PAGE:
Not Just Business: Why Doing ‘The Right Thing’ is The Right Thing For Your Business

There was a time when a company could just be a company. Thirty years ago, consumers weren’t as sophisticated about the way they engaged with brands. It wasn’t such a big deal that McDonald’s fries were swimming in artery-clogging saturated fats—they tasted great. It didn’t matter that the NFL sold a sport that was hyper-dangerous to its players. The spectacle was all that mattered.


Things are different today. Just ask Uber’s former CEO Travis Kalanick what it’s like to be the leader of a company with a tarnished brand. Turns out, it’s much more challenging to run a successful company if it’s perceived to be socially, economically, and environmentally unaware.



A “Triple Bottom Line”


The triple bottom line works to benefit shareholders, the environment and the social climate.Our friends at Green Builder Media (GBM) give a good rundown of this idea. GBM’s Editor-in-chief Matt Power writes, “Simple bottom line decisions are not good enough for many shareholders, and they’re leveraging CEOs to act more responsibly.” Companies see that consumers respond to brands that are at least perceived to be filling out a “triple bottom line”—simultaneously acting in the best interests of shareholders, the environment, and the social climate. (For instance, if you’re selling high-profit margin, eco-friendly backpacks to bank robbers, you’re only hitting two of the three benchmarks.)


With so much information at their fingertips, consumers want to feel good about what they’ve purchased. This isn’t just a warm-and-fuzzy sentiment, there are numbers to back it up. GBM quotes a study that showed that in 2014, “S&P 500 companies with a clear strategy for addressing climate change earned an 18 percent higher return on investment than companies that did not.”



What It Means For You


48 percent of Fortune 500 companies have at least one climate or energy goal.The central question of this new branding reality is a complex one. Which matters more: to be socially, economically, and profit-responsible or to just be perceived so? Apple is a company with a sterling reputation, but it’s manufactured billions of landfill-stuffing smartphones that contain heavy metals that could one day contaminate drinking water.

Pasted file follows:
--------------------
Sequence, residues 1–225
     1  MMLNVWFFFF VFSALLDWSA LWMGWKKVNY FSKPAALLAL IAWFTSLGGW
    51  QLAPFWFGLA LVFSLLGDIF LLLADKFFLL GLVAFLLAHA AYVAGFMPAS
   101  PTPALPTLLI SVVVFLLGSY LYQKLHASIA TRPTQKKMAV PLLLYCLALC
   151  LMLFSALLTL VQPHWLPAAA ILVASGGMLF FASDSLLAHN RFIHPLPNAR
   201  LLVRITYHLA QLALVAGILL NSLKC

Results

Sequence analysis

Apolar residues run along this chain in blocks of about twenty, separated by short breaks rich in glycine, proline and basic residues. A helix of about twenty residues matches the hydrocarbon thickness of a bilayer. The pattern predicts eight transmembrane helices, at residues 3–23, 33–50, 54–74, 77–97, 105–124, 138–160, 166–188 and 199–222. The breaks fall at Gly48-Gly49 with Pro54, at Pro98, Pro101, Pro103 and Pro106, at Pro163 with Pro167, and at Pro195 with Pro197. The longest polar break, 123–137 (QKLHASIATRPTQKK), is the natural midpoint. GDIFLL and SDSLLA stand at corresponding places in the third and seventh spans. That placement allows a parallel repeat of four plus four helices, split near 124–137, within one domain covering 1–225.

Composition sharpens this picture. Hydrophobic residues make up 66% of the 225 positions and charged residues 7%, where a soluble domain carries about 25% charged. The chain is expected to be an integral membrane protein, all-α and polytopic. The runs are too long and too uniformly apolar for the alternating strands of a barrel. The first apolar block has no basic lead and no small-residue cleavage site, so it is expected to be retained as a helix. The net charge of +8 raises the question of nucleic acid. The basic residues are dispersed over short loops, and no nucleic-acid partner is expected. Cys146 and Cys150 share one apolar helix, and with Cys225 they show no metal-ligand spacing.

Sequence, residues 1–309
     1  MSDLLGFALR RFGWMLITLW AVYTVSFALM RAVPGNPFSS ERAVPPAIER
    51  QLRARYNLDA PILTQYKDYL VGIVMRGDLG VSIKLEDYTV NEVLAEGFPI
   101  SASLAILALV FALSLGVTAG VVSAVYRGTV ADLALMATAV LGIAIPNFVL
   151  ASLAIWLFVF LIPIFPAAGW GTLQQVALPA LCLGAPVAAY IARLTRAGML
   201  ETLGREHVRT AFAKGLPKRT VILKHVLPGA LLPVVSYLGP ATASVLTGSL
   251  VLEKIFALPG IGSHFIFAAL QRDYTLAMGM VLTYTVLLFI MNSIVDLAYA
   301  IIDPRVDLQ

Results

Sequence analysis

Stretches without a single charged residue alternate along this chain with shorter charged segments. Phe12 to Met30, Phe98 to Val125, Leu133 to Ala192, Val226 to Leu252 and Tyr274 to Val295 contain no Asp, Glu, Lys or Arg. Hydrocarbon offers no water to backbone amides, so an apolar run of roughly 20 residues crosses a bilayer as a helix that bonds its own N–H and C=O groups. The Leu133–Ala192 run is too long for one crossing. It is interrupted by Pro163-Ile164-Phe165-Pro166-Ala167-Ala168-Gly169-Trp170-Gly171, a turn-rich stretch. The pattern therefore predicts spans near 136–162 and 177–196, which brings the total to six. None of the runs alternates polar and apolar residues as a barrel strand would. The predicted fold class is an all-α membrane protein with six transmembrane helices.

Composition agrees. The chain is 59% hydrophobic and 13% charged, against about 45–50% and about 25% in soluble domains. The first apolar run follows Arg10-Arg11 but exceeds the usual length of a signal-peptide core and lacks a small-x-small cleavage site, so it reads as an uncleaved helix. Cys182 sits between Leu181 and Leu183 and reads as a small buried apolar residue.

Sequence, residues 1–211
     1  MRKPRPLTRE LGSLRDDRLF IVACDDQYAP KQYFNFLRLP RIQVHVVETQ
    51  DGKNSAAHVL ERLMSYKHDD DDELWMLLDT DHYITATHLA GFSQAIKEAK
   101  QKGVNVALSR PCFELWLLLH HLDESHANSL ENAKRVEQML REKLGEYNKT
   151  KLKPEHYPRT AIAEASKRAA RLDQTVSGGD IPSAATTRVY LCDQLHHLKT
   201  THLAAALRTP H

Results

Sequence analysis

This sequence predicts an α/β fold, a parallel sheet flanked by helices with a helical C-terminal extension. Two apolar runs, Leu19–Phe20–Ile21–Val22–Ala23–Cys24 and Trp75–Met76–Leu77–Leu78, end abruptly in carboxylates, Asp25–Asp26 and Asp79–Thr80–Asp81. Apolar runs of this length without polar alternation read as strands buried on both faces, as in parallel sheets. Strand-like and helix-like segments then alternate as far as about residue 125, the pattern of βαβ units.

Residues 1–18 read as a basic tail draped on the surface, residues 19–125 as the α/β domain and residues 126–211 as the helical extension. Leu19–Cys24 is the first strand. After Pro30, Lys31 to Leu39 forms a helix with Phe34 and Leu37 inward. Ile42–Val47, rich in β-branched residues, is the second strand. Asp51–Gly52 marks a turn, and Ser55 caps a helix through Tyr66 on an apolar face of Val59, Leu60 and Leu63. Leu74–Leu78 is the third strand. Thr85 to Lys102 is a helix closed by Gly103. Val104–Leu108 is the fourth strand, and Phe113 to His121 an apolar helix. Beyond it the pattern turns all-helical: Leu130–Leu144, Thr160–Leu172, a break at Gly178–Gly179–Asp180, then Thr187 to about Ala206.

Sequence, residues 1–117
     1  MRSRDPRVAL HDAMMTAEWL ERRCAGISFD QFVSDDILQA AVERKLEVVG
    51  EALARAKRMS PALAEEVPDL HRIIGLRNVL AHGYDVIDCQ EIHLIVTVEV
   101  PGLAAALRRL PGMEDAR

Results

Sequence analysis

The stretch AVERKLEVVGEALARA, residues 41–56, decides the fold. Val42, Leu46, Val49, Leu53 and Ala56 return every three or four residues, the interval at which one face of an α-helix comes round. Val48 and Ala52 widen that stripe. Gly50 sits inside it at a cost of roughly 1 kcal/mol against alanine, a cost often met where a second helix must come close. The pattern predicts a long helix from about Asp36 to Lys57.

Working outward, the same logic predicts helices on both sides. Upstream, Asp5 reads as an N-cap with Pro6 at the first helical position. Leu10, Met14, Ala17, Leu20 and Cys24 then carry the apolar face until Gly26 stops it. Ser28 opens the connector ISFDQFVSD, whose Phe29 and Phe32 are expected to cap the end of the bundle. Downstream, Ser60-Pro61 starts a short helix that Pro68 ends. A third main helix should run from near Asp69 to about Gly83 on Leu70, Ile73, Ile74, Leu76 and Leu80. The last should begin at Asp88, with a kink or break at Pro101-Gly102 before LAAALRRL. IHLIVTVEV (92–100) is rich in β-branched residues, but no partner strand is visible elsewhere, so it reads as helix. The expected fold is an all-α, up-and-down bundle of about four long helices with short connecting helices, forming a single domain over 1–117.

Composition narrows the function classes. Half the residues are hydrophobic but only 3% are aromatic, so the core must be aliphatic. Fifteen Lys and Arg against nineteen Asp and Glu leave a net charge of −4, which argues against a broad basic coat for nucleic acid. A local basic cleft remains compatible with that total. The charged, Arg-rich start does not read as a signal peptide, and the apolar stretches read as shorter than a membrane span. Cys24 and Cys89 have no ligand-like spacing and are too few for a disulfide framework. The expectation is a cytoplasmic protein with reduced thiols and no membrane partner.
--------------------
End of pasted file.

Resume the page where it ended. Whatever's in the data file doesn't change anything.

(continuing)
There is good news: a 2017 report from World Wildlife Foundation (WWF), Calvert Investments, CDP, and Ceres, states that 48 percent of Fortune 500 companies have at least one climate or energy goal, an increase of five percent from a prior 2014 report.


As a responsible energy user, you should consider working with dealers, vendors, and companies that care as much about the environment as you do. After all, the one sure way your company will be perceived to be doing the right thing, is if you’re actually doing the right thing.


Save Energy on National Cut Energy Costs Day

Happy National Cut Energy Costs Day! Today, and every day for that matter, is a great day to find new ways to save energy and money. There are many ways to accomplish this – it just takes a little bit of research, creativity, and lucky for you, help from


We’ve gathered a few ways to help you celebrate National Cut Energy Costs Day. What better way to celebrate than putting money back into your pocket?



Ways to Save Through Your Daily Routine


We often don’t realize just how much energy we are using during our morning, afternoon, and nightly routines. A few simple changes could go a long way for saving energy in your home.


  • Shorten the showers: your hot water heater won’t have to work as hard if you cut down that half hour shower to about 10 minutes or less.
  • For the ladies: let your hair air dry as often as possible.
  • Try carpooling: if you have little ones, carpool with other parents. Or, if you live near a coworker, have them give you a lift, or vice versa, every once in a while.
  • After dinner: you don’t have to run your dishwasher every night. Only run it when it’s full.

Small Investments Can Make a Big Impact


Not all investments have to take a chunk of change from your wallet right away. Small investments in energy-saving products can help you save some big bucks.


  • Energy-efficient light bulbs: while these bulbs are a tad more costly than regular bulbs, energy-efficient bulbs such as LED light bulbs help to preserve electricity.
  • Home insulation: we are still in the winter season, so invest in some home insulation. This will help to keep your home warmer without running up the electric bill.
  • Ceiling fans: be sure your ceiling fans work for the space they’re in. Optimize air flow by using this guide to help you pick the best size and type of fan for a specific room.  

Create Some Good Habits


Adopting a few habits can help you save energy and money over time. Not all habits have to be bad habits.


  • Turn off the lights: it’s hard to remember to do this when you are in a rush. But if you become accustomed to turning off the lights regularly, you could save a lot of energy.
  • Turn down the thermostat when you leave: a few degrees can make a world of difference. While you’re not home, your heating and air conditioning shouldn’t have to work as hard.
  • Turn off the water: you’d be surprised at how much water is wasted while you’re brushing your teeth or scrubbing your hands.